Project-Based Learning Theory

By: Brooke Hawkins
What is Project-Based Learning? Project-Based Learning is an individual or group activity that goes on over a period of time, resulting in a product, presentation, or performance. It typically has a time line and milestones, and other aspects of formative evaluation as the project proceeds.

What are some of the benefits of Project-Based Learning?
  • Offers multiple ways for students to participate and to demonstrate their knowledge.
  • Accommodates different kinds of intelligence.
  • Shifts students away from doing only what they typically do.
  • Encourages the mastery of technological tools.
  • Serves as a medium to involve students who don't usually participate
  • Helps students develop a variety of social skills relating to group work and negotiation

Given below are some examples of how Project-Based Learning can be used in the classroom:
1. Webquests, “an inquiry-oriented activity in which some or all of the information that learners interact with comes from resources on the internet, optionally supplemented with videoconferencing”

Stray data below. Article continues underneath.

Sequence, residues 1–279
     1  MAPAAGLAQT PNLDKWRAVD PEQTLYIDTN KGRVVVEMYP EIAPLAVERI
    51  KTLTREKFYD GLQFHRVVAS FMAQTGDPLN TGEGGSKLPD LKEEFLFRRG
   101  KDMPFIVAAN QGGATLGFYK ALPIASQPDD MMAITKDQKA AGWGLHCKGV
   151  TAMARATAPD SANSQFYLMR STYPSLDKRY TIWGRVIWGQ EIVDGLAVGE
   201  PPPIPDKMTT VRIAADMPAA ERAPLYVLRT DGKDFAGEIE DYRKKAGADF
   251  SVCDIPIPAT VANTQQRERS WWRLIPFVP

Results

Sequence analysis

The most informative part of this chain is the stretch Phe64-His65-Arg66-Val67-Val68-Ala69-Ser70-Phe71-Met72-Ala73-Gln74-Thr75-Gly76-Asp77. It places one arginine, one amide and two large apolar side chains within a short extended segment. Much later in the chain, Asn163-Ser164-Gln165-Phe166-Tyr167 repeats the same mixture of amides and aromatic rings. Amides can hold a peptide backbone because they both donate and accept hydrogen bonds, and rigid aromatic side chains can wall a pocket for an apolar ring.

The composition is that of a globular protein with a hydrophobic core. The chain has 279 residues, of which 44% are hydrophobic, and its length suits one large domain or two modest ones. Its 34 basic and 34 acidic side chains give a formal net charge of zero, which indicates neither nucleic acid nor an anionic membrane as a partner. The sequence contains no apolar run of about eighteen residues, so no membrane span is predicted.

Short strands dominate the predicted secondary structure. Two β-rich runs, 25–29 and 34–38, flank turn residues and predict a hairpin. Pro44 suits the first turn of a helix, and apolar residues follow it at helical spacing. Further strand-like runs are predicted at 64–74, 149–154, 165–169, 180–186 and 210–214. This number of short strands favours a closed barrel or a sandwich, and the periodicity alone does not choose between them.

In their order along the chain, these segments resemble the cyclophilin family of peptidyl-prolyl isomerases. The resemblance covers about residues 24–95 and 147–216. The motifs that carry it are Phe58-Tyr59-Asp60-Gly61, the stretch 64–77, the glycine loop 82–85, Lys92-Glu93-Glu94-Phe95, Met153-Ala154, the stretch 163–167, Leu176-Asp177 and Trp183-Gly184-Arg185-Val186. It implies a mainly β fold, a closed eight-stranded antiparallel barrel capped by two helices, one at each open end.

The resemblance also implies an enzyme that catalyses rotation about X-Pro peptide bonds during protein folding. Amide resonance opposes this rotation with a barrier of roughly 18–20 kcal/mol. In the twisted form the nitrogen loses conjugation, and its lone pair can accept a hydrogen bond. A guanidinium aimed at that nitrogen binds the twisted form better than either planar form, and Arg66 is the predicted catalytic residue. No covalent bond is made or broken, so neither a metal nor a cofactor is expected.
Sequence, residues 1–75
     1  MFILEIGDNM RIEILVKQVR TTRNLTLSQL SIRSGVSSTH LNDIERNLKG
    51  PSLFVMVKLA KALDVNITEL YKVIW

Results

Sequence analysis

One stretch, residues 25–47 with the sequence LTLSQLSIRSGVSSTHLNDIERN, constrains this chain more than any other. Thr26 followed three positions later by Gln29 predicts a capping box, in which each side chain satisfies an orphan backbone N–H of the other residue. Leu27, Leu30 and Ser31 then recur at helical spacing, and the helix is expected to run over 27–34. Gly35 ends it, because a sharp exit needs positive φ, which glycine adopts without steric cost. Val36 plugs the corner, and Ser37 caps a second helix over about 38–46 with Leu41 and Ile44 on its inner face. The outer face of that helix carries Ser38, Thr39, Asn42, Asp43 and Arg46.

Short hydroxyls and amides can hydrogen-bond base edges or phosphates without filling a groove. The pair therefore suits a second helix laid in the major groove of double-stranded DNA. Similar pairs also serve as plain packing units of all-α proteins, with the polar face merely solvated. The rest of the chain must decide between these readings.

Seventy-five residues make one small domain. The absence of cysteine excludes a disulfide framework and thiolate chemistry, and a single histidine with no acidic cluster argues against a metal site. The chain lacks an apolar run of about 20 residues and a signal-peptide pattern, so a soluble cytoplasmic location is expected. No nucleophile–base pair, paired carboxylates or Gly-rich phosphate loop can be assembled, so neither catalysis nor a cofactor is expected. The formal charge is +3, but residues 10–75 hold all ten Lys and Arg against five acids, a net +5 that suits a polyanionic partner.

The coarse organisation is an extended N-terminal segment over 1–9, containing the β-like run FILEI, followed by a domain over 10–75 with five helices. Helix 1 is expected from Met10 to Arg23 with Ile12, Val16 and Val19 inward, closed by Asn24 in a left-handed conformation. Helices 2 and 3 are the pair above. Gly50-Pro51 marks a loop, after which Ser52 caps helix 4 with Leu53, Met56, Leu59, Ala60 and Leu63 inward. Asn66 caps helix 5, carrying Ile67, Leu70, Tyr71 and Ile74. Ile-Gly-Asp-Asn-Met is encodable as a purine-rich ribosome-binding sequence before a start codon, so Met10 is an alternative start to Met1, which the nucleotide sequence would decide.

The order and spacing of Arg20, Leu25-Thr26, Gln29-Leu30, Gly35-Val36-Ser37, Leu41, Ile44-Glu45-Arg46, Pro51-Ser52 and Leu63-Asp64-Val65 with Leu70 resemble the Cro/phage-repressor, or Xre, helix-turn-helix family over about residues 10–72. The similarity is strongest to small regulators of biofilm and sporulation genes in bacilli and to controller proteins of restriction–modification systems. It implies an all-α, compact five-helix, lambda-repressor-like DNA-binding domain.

2. Group presentations (click on the links below for examples)

Click on the links below to view research papers on the Project-Based Learning Theory:

Click on the links below to view other resources on the theory:

Education. (n.d.). USA Today. Retrieved July 2, 2009, from

Problem-Based Learning and Project-Based Learning. (n.d.). Retrieved July 2, 2009, from

What is Project-Based Learning? (n.d.). PBL. Retrieved July 2, 2009, from Ecole Whitehorse Elementary Web site:

Wolff, S. J., Ed.D. (n.d.). Design Features of the Physical Learning Environment for Collaborative, Project-Based Learning at The Community College Level. Retrieved June 10, 2009, from